• Opendelays_be2 : 32 octets /record; 17 k records/day = 200 Mo/year
  • OpenDelays_uk : 79 octets /record; 250 k records/day = 7.2 Go/year


3. Milestones

1. Open Delays program written : DONE, 19 October 2014. See github for the code source.

2. Gathering delays data from 1 country : Belgium : DONE, 28 October 2014 . We are however not publishing the data now.

3. Gathering delays from 2 other European countries : United-Kingdom : DONE, 04 November 2014 ; Italy : DONE, 12 November 2014

4. Consolidating the system : RUNNING

4. Applications

Visualization of delays by Italian stations on 21 November 2014 - thanks to Patrick Hausman !

ritardo 20141123


5. Train delays accessibility in Europe

smiley4 smiley3 smiley2

See the table here


6. Open Delays development into phase 1.1

See here






What is We Move, this new organization ? why are they involving ? Who is involving in Europe on the issue of passengers rights ? And why should I involve there as an European citizen and as a IT student? These were questions I’ve asked myself when I got the occasion to start an internship for this organization.

I'm learning these days a few things about public transport, but another important thing: these three worlds – IT, mobility and citizen rights are intertwined together.


My name is Samuel Jouan, I'm 21 years old, and I'm a student in my second year at Exia, IT engineer school of Orléans, France. For passion and for studies, I'm used to work with data, websites, a few programming languages. My goal here for this Autumn 2014 internship is to have an overview about how works an organization, and to give a help in IT issues, as the website or specific projects.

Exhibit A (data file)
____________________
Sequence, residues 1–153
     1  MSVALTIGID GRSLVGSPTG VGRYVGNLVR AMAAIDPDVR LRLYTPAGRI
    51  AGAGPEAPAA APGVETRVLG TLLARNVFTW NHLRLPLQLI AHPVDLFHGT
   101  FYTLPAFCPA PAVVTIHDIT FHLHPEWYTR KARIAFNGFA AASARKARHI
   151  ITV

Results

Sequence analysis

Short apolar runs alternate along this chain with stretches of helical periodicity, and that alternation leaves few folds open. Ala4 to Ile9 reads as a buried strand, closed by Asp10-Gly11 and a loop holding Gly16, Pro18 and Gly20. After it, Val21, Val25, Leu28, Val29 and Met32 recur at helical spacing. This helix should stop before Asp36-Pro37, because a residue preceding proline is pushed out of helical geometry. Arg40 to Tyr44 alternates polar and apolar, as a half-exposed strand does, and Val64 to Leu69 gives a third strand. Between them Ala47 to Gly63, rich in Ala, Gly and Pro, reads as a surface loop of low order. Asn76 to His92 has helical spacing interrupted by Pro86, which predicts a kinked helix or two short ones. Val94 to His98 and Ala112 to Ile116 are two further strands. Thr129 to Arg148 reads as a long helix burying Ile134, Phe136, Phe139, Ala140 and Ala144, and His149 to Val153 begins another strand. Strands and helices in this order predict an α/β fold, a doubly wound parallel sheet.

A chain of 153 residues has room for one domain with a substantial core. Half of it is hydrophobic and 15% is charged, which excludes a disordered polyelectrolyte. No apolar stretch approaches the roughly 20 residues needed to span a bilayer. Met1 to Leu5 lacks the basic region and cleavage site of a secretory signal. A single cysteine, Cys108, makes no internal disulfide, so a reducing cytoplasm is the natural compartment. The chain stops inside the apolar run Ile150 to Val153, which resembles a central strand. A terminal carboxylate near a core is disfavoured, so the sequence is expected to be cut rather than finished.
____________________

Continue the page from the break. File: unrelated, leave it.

My interest in We Move came from their ability to involve for citizen rights. I'm also a European citizen, I travel accross Europe in many different ways. That's why I felt involved by the issue of public transport, and I choose a civic organisation that cares about transport users.

I see We Move goal simply as this: making travels easier for everyone, because transport systems have been planned and controlled by the users.

I'd like Citizen's Mobility to truly produce advantage for users, and I hope I will be useful in this. I’ve come to the organization at an important time, after 1-2 years activity, still at beginning, but when it starts to have an impact on uses' lifes.

Since I use all kind of public transports in Brussels and Orléans and between these two cities, I noticed some bad facts, as the cost of transport tickets increasing every year, or that too many people still can't use public transport, because the service is poorly planned or not adapted to most common disabilities. Of course, now we move easier, faster and in a better way, but many progresses remain to be done for accessibility of public service.

Although I use daily public transport, I didn't imagine before that there were people, like those here at We Move and their partners, that involve for user's rights. I think it's indeed a good thing that, as users of public transport, we get organized and develop our rights.

I take awareness of all the work that still remains to be done. For what concerns the IT guy that I am, I like that We Move wants to use open data for the users, because it should be our right to access data, and I like that they want people to know their rights, and also fight for gender respect and many other similar issues.